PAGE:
Exhibitions include 56th Biennale of Venice (2015); 19th Biennale of Sydney (2014); 'The Last Reader', annex M, Megaron, Athens (2018); 'The State We Are In', Galeria Labirynt, Lublin, Poland (2018); 'And Tomorrow And', Index, Stockholm (2018); 'The Score', Ian Potter Museum of Art (2017); ‘Call of the Avant-Garde’, Heide (2017); ‘Borders, Barriers, Walls’, MUMA, Melbourne (2016); ‘Melbourne Now’, NGV (2013-14) and ‘Stealing the Senses’, Govett-Brewster Gallery, NZ (2011).
Solo exhibitions include 'Architecture Makes Us', Centre for Contemporary Photography, Melbourne (2018), UNSW Galleries, Sydney (2019) and Griffith University Art Museum, Brisbane (2019); ‘Zaum Tractor’, Gridchinhall, Moscow (2013); ‘Space-Shifter’, Detached/MONA FOMA, Hobart (2012); and ‘Almost Always Everywhere Apparent’, Australian Centre for Contemporary Art, Melbourne (2007).
Leber and Chesworth were awarded the Substation Contemporary Art Prize (2016); Gold Coast Art Prize (2014); and Screengrab International Media Arts Award (2014).
Steven Rhall is a post-conceptual artist operating from a First Nation, white-passing, cis male, neurodivergent, positionality. He interrogates modes of representation, classification and hierarchy using installation, performance, curatorial projects, sculpture and via public & private interventions. Rhall also lectures at the Victorian College of the Arts and is a PhD candidate at Monash University on Birrarung-ga land (Melbourne, Australia).
Tim Woodward is an artist and writer based in Melbourne, Australia. Producing work across the mediums of sculpture, text and video, his creative gestures extend from the lineages of conceptual art.
Recent exhibitions include: 8 Soups, Institute For Provocation, Beijing, 2019, ARTJOG MMXIX | Common Space, Jogja National Museum, Indonesia, 2019, Check Website For Details, Kuiper Projects, Brisbane, 2019, TV Insides, Sarah Scout Presents, Melbourne, 2018, Plus Solids, Bus Projects, Melbourne, 2017, Cosmo’s, Darren Knight Gallery, Sydney, 2016 and GOMAQ, GoMA, Brisbane, 2015.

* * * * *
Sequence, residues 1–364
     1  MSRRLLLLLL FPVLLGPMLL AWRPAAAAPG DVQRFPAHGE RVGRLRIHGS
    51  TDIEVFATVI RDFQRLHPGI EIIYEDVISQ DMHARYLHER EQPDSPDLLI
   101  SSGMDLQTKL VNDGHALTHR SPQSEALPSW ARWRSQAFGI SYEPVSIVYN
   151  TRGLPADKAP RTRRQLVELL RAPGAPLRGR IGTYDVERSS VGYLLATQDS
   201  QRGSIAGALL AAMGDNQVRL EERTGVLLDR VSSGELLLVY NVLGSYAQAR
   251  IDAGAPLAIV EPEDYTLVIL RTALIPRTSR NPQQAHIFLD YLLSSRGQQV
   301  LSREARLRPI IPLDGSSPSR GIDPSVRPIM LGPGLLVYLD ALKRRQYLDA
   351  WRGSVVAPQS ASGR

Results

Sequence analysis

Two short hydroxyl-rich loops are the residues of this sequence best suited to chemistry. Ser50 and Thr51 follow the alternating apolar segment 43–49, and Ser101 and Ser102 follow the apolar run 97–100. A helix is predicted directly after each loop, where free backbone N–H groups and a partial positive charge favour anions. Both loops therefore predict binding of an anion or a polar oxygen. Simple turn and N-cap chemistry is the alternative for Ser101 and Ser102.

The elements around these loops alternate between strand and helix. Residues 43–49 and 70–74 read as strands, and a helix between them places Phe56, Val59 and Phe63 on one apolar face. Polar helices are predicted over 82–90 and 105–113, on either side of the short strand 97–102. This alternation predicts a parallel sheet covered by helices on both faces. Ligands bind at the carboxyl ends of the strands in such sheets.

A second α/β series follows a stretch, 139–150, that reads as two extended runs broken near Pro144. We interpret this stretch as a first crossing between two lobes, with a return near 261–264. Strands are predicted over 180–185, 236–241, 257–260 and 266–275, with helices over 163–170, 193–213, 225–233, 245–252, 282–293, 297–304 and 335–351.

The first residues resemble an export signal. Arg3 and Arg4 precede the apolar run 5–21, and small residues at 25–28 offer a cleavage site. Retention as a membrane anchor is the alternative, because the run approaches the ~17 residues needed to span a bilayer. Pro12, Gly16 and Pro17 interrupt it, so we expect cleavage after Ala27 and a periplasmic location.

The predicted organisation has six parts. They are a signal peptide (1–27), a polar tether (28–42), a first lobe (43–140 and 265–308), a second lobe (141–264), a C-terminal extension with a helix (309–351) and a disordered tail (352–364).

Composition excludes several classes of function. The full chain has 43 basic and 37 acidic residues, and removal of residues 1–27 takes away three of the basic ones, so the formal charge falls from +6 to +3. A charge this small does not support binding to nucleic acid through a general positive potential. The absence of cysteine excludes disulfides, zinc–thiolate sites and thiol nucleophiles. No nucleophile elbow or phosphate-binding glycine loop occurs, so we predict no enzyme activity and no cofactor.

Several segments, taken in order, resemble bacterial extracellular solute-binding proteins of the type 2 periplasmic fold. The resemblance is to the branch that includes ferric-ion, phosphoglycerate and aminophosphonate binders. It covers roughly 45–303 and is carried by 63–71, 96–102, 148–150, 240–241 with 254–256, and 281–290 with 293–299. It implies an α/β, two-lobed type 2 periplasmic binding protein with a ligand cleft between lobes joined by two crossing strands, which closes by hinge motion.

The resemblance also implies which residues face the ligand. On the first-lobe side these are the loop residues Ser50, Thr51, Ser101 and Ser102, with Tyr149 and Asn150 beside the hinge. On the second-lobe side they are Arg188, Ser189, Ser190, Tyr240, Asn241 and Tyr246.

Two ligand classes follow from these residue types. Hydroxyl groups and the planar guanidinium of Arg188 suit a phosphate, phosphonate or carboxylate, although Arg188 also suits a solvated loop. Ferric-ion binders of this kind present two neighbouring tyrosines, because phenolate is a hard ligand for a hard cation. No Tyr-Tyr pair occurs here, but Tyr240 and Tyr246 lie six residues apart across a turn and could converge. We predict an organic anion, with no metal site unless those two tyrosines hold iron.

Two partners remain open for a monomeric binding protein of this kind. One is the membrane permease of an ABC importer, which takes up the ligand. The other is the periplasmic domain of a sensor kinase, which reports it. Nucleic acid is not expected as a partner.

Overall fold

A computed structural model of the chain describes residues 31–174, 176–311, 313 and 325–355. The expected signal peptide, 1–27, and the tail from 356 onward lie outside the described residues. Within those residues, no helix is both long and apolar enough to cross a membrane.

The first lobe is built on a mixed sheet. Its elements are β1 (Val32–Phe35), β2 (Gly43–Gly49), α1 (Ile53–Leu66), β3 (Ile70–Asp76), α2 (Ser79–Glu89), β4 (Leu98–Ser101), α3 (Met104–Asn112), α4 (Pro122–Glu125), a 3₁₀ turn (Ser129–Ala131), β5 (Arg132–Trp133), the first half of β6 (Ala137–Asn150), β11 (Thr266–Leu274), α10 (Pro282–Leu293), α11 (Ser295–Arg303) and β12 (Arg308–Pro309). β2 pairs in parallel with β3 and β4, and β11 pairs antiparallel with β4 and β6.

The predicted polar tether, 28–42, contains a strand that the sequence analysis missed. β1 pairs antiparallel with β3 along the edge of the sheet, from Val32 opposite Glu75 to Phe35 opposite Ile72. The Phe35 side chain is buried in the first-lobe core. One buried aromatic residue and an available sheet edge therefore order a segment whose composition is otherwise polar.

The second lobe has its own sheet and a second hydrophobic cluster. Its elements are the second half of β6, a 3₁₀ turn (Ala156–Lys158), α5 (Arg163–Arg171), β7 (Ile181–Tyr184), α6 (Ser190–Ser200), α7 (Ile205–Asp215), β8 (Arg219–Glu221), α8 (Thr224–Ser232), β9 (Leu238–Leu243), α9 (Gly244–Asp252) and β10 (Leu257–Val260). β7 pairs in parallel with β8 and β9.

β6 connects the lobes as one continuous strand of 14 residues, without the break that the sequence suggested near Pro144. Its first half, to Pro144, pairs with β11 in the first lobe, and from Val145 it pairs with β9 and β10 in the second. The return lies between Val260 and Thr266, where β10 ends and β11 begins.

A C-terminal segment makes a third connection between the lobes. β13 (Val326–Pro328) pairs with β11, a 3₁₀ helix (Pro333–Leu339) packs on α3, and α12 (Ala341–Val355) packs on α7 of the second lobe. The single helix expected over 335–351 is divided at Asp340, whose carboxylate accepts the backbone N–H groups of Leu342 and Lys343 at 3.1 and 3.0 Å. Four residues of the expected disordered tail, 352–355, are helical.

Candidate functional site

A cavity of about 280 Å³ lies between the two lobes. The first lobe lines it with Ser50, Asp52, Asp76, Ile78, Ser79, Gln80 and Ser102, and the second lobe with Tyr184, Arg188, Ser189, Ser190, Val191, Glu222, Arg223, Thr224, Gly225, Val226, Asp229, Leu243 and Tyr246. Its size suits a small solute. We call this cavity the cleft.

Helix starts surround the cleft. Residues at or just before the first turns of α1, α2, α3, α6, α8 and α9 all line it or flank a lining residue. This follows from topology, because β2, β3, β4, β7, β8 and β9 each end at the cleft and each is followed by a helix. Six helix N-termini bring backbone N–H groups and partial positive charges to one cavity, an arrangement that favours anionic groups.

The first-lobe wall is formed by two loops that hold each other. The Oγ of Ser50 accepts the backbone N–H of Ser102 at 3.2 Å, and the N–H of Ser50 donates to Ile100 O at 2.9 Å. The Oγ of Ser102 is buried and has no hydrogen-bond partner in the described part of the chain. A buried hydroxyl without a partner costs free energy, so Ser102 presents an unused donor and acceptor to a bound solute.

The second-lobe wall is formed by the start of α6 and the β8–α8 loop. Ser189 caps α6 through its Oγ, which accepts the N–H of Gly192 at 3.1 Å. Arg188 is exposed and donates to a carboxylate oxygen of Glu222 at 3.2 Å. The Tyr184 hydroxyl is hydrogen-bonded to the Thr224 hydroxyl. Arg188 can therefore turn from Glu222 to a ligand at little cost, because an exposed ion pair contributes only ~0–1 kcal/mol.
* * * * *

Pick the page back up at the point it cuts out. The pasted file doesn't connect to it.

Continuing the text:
Awards include The Sainsbury Sculpture Grant, 2015, The Cité des Arts Moyra Dyring Studio awarded by The Art Gallery of New South Wales, 2013, Art & Australia | Credit Suisse Private Banking Contemporary Art Award, 2012, The Melville Haysom Memorial Art Scholarship awarded by The Queensland Art Gallery, 2011, The Ian Potter Cultural Trust Grant, 2012 and the Asialink Visual Arts Residency, 2010.
Curatorial projects include group exhibitions for Boxcopy (Brisbane), SUCCESS (Fremantle) and Rear View (Melbourne).
Anita Cummins is a queer artist living in Narrm (melbourne) on unceded Wurundjeri country. In response to systems of oppression and marginalisation, their work aims to seek out and uncover alternative modes and methods of radical coping, healing, thriving and recovery. They employ the use of repetitive methodologies as a mechanism for the processing and exploration of complex emotional and physical states. In 2018 they received the Les Kossatz Memorial Award for their Honours graduate showcase. This led to their inclusion in the national graduate showcase Hatched at Perth Institute of Contemporary Art, for which they were awarded the Schenberg Fellowship 2019. They are currently completing a Master of Fine Art by research at Monash University. Previous exhibitions include feelings, Monash University, 2018, Airbnb guest, Sideshow, 2016, Living Lab of Beauty, Long Division, 2015 and Quick Copy, Bus Projects, 2013.
Event & ticketing details
Dates & Times
|Exhibtion of artworks on advertisting sites across Darebin||15-28 March|